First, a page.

The first debate with Fred Thompson was expected to reveal whether the lanky actor had what it takes to make a national run for the office. Instead, it revealed Chris Matthews as a hack of the first order, one who tried his best to torpedo Thompson -- and failed utterly. He got so desparate that he demanded to know whether Thompson knew who the Canadian Prime Minister was -- and he did. Matthews grew so frustrated that he openly critiqued one of Thompson's answer for being too detailed, which prompted a scolding from Thompson.
That was the game behind the debate, and Thompson stomped Matthews into a laughingstock. In the rest of the debate, Thompson showed that he was comfortable and prepared, even for the silly attacks from other candidates. Mitt Romney went into a long, telegraphed, and obviously gag-written punch about how the debates resemble "Law and Order" and how Fred shows up last, which Fred neatly returned by feigning surprise that he wasn't the best actor on the stage -- jabbing at Romney's perceived plasticness.
Rudy wisely chose to stay away from Thompson. Romney pulled Rudy into a catfight, but neither man scored a knockout punch. Rudy's team sent out a flurry of e-mails showing that Romney didn't have his facts straight, but Rudy shrugged it off anyway. He showed poise, humor, energy, and personality. He continues to show his mastery of the format.
Romney and McCain did pretty well, although they had rough spots. When asked about war powers, Romney's insistence that he would have to check with his lawyers sounded like he didn't have a firm grasp on the mechanisms of war. Fred got it right first, and McCain answered well. McCain started off shaky, with the unusual "angry man" gambit in the opening minutes, but relaxed and was much more himself.
As for the rest, well, they occupied subplots most of the evening. Paul mostly continued his odd hand-flailing and high-pitched shouting. Tancredo couldn't seem to get words out of his mouth. Brownback faded into Tommy Thompson-like dullness. Duncan Hunter did well and his protectionism may have sounded good to the Michigan audience, but it won't sell to the GOP. Mike Huckabee again did well, but after Ames, he needed a breakout performance and didn't get it -- in part because he didn't get a lot of opportunities to respond. Matthews spent too much time hunting the Great Fred Whale, and coming up empty.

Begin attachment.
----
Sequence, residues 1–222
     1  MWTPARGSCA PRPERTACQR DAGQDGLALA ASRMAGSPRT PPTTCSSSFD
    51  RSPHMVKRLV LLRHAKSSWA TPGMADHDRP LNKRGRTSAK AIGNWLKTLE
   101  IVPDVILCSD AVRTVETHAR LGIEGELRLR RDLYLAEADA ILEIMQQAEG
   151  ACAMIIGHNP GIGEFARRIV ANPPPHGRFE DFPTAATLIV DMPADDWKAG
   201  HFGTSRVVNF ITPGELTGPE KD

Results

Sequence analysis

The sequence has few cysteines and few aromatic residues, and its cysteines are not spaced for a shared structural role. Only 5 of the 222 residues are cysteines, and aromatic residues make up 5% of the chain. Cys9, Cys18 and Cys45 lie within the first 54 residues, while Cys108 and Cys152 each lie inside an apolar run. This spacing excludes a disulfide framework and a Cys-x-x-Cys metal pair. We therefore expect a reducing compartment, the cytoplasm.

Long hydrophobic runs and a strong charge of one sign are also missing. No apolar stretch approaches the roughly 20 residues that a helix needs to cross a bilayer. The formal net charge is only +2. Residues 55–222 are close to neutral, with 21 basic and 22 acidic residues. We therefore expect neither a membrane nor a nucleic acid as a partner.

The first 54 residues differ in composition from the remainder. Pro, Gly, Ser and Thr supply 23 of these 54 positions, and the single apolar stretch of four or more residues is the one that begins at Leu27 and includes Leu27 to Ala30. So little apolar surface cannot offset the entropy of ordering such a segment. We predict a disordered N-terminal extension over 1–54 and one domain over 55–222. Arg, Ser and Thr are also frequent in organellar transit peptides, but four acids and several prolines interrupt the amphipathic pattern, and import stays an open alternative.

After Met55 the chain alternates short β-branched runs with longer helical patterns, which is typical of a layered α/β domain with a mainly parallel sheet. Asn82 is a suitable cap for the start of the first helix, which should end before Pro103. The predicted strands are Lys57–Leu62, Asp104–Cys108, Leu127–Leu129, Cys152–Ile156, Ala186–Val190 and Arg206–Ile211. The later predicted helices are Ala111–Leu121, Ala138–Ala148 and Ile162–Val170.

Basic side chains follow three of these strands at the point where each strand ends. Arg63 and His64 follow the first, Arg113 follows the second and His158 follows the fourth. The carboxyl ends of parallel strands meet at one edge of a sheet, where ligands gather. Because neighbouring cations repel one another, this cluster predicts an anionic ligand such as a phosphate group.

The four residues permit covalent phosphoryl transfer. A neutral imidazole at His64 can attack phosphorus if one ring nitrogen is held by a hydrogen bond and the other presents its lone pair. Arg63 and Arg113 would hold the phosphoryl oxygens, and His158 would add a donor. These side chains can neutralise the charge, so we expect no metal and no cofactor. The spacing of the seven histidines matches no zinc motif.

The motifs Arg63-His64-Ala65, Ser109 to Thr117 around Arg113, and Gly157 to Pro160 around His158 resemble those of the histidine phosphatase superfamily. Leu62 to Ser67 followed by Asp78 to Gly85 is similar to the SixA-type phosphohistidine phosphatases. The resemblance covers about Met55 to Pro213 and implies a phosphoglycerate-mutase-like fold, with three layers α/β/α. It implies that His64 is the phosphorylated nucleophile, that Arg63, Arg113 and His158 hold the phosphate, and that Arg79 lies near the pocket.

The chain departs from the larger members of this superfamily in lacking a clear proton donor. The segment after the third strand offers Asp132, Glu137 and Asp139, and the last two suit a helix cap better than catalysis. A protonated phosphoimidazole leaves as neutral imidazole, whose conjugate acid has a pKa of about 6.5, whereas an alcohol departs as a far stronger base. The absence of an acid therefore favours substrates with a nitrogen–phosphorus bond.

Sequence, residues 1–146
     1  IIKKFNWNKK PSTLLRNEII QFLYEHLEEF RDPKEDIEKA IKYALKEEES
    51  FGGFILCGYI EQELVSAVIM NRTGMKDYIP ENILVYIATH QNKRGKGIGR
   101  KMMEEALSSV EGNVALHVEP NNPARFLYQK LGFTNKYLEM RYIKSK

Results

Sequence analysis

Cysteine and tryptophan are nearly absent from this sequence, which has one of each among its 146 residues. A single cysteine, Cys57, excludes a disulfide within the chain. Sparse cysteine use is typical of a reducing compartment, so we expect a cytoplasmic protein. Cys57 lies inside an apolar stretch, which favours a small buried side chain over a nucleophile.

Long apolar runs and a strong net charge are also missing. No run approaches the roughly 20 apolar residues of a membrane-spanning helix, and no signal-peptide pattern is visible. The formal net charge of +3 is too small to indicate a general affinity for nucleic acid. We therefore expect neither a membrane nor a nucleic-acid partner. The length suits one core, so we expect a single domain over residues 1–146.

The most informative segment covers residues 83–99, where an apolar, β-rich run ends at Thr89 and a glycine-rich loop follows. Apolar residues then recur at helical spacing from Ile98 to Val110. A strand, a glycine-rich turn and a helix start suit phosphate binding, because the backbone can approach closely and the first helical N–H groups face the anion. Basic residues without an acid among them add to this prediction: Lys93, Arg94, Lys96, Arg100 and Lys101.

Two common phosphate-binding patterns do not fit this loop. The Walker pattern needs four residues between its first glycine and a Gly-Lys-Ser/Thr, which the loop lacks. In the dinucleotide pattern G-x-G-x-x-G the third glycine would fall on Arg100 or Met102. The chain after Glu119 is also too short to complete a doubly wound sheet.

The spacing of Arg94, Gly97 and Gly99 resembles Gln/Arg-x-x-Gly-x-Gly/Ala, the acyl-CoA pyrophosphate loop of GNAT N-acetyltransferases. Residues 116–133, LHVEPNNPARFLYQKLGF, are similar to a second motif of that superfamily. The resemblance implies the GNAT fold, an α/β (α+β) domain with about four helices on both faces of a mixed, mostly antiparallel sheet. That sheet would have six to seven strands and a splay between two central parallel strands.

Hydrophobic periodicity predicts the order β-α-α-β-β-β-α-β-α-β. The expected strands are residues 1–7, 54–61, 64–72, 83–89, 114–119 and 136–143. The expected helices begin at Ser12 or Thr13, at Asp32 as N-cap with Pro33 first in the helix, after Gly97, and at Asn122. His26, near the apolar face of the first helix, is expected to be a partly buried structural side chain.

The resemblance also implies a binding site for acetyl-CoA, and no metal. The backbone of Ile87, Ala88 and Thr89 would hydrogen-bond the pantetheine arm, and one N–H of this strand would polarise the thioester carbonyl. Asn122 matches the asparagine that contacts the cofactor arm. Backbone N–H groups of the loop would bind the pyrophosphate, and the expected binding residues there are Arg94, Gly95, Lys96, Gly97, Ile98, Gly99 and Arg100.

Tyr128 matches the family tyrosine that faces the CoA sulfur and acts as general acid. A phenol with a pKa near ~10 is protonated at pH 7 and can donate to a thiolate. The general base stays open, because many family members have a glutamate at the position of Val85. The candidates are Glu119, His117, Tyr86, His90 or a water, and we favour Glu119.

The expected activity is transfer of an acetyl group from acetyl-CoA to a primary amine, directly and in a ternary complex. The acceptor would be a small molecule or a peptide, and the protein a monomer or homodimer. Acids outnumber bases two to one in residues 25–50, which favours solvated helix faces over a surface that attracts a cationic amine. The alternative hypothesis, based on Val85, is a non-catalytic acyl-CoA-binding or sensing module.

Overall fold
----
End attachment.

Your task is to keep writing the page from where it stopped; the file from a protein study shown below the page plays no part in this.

Fred's in now, and he will find new momentum after this performance. Matthews will become more of a joke, if such a thing is possible at a network that employs Keith Olbermann.
UPDATE: Earlier this morning, as Rick Moran reminded me during the Debate Central roundtable, I urged Republicans to engage against Chris Matthews:
Mike Allen at The Politico believes that Chris Matthews will be lying in wait to find a "gotcha" moment for Thompson. Allen thinks it will come from an economics question, but it could just as well come from a foreign-policy query. Matthews has been accused of having a "man crush" on Thompson by some of his critics on the Left, and will no doubt want to establish some credibility with a tough attack on Thompson. Thompson will have an equal opportunity to pop Matthews' bubble by responding calmly and in the same 30-second generalities as everyone else on stage.
I guess I had that about right, didn't I? Also, I suggested that "the candidate who can push back best against Matthews' potential low blows should be strongly considered for the nomination." I think Fred qualifies as someone who can fight for himself.